I'm in So Cal so it's hard to imagine a place that doesn't have mint and cilantro at the ready. Where do you live that you have access to rice paper, but not the herbs?

                          1. re: inaplasticcup

                            Thanks I figured if it tastes good, well then hey! I'm in the middle of frickin' Ozarks nowhere. 2 hours to STL (family and friends) where I get the things like rice paper, wide rice noodle, fresh udon and soba, miso, fish sauce etc. out here I usu can source the herbs (or reasonable sub) and basic things (the condiments on the "international" aisle have made vast improvements).

                            1. re: hill food

                              The Ozarks. Wow! I'll bet you get interesting fishing and/or hunting and/or foraging out there, no?

                              1. re: inaplasticcup

                                ina: I'm not much of a hunter, but have seen interesting things on neighbor's tables. one makes a venison sausage that is amazing. I recently learned that even though the idea of crawfish nigiri sushi sounds like it might be good - don't do it, some idiot last summer tried it and a few months later was getting horribly sick, doctors had no idea why until his girlfriend remembered the experiment and it turns out a lot of crawfish in the rivers carry a parasite that has to be cooked out. he survived. eventually.

                                apple thanks, I'll remember that if I'm out that way.

                                1. re: hill food

                                  LOL. Thanks for the warning because that totally sounds like something I might try... :)

                              2. re: hill food

                                Go south to OKC. BIG Vietnamese community there, a couple of large supermarkets - the best is Super Cao Nguyen: http://www.caonguyen.com/

                                1. re: applehome

                                  That place is an Oasis
                                  On our dry southern plains.

                                  Best place for fishies and and meaties
                                  and veggies, and great kimchee.

                                  It's a Locus for our thriving food community.

                                  Applehome, how did you find out about it?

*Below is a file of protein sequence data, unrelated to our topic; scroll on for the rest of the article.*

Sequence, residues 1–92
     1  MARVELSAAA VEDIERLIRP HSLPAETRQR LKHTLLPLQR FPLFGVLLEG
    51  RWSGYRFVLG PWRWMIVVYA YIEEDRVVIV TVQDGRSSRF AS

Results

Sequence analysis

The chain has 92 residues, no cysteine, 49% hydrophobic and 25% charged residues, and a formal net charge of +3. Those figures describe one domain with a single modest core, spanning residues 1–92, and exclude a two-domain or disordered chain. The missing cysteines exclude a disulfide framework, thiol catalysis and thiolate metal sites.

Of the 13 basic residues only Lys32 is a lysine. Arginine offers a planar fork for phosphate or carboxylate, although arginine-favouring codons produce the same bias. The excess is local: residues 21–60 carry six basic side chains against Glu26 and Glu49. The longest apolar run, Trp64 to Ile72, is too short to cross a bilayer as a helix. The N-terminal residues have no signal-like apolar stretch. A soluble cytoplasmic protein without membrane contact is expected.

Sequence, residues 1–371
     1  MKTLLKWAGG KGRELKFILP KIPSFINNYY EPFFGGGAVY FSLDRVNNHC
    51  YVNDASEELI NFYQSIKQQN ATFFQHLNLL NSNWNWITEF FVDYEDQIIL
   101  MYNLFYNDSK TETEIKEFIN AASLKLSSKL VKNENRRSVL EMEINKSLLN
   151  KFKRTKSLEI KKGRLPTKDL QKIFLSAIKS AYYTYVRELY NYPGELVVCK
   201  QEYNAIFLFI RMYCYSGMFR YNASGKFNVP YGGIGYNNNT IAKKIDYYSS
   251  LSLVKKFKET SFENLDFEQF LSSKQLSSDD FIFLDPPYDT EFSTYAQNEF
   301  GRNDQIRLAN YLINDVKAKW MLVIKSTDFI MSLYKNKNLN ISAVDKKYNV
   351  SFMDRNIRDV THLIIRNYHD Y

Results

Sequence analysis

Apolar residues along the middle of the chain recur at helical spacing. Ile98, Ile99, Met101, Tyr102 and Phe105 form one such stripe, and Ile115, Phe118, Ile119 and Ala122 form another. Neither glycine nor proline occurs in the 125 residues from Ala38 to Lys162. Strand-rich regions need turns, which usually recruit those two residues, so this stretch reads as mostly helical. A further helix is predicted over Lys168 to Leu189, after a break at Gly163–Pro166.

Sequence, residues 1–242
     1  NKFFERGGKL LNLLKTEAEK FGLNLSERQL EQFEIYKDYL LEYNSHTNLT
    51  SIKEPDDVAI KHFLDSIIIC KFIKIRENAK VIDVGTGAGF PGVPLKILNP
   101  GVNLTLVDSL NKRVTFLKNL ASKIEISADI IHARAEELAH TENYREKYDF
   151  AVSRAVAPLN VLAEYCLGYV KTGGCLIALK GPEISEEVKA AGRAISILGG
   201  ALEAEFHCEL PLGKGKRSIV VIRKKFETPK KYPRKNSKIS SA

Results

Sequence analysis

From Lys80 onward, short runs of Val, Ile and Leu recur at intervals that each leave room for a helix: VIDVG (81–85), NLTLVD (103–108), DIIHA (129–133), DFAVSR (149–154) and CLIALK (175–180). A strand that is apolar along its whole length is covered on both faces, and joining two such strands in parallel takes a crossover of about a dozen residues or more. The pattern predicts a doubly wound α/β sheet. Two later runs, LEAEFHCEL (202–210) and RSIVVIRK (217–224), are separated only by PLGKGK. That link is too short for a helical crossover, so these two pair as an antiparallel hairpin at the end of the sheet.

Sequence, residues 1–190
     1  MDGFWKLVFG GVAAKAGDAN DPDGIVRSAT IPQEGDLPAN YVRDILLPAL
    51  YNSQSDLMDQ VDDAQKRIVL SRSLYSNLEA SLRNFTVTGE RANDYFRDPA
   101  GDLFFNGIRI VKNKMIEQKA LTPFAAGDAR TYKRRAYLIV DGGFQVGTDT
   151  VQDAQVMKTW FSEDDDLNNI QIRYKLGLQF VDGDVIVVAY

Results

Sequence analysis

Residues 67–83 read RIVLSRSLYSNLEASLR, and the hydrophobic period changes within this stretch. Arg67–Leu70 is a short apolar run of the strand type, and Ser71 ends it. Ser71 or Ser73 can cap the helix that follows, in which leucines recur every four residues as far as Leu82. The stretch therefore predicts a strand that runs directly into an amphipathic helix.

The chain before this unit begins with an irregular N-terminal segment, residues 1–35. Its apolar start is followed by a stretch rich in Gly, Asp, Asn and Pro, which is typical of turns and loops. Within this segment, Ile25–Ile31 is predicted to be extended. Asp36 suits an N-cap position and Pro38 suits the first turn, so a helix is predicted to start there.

1. re: FoodFuser

                                    I've been down there off and on since the 70's when I was stationed at Tinker and married an Okie. I was last there this winter, from Nov to Feb and drove around a lot looking for Asian places (along with others). Super Cao Nguyen has a decent selection of non-Vietnamese items including Japanese - very little I couldn't get there. I forget the name of the other supermarket on Classen, nearby, but it's pretty good as well - not as big, but a good frozen food and fresh fish section.

                                    I was happy that I could get frozen Omochi at Cao Nguyen for New Years - to make Ozoni. They also have some really good prices on appliances, like electric hot pots and rice cookers.

                          2. re: inaplasticcup

                            finally made some goi cuon, so perfect in this weather, now I just have to perfect the rolling technique. I imagined somewhere there was somebody's grandmother laughing at my ineptitude. seriously mine always turn out floppy and resemble the equipment of a chronically unemployed porn actor.

                        2. re: bonewhiteglory

                          This kind of food is ideal for hot summer days! Bun Bo Fe is one of my favorites.

                          1. re: bonewhiteglory

                            Oh yes - love bun! And fresh spring rolls.

                            Just so the perfect thing in the heat.

                            On the other end of the spectrum, a fab homefood for the heat is cold borscht. (No meat, just beet.) Chill it, mix in a spoonful of sour cream so its blended but still lumpy, then crumple in a half sheet of matzo. Refreshing. Really!

                            And then when all else fails - eat ice cream for dinner.

                            1. re: happybaker

                              you know what can be interesting along with the sour cream in cold borscht? some cilantro and jalapeno, sort of a Russe-Mex mash-up.

                          2. Thai and Vietnamese foods really hit the spot during a heat wave.
                            For some strange reason, my mother would make mashed potatoes in a moat of cold buttermilk and eat it in a bowl when the mercury rose.
                            It was an odd thing that didn't catch on with me, but lordy, she enjoyed the heck out of it and found it very refreshing.

                            1 Reply
                            1. re: monavano

                              Maybe a version of cold potato soup?